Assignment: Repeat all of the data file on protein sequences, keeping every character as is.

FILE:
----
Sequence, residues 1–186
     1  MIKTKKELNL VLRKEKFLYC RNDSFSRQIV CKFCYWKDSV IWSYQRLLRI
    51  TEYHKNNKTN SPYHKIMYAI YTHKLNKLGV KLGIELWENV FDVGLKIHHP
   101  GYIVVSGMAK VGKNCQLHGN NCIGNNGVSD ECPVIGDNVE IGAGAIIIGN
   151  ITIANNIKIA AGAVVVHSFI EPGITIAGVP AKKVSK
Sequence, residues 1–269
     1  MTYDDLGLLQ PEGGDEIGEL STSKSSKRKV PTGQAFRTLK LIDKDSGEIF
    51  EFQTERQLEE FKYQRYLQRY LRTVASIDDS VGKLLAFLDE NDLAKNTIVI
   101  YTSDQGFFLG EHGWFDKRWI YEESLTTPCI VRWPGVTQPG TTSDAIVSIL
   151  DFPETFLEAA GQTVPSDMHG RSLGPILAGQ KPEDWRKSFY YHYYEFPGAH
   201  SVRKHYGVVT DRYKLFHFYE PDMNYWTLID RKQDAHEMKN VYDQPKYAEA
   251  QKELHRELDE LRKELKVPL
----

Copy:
Sequence, residues 1–186
     1  MIKTKKELNL VLRKEKFLYC RNDSFSRQIV CKFCYWKDSV IWSYQRLLRI
    51  TEYHKNNKTN SPYHKIMYAI YTHKLNKLGV KLGIELWENV FDVGLKIHHP
   101  GYIVVSGMAK VGKNCQLHGN NCIGNNGVSD ECPVIGDNVE IGAGAIIIGN
   151  ITIANNIKIA AGAVVVHSFI EPGITIAGVP AKKVSK
Sequence, residues 1–269
     1  MTYDDLGLLQ PEGGDEIGEL STSKSSKRKV PTGQAFRTLK LIDKDSGEIF
    51  EFQTERQLEE FKYQRYLQRY LRTVASIDDS VGKLLAFLDE NDLAKNTIVI
   101  YTSDQGFFLG EHGWFDKRWI YEESLTTPCI VRWPGVTQPG TTSDAIVSIL
   151  DFPETFLEAA GQTVPSDMHG RSLGPILAGQ KPEDWRKSFY YHYYEFPGAH
   201  SVRKHYGVVT DRYKLFHFYE PDMNYWTLID RKQDAHEMKN VYDQPKYAEA
   251  QKELHRELDE LRKELKVPL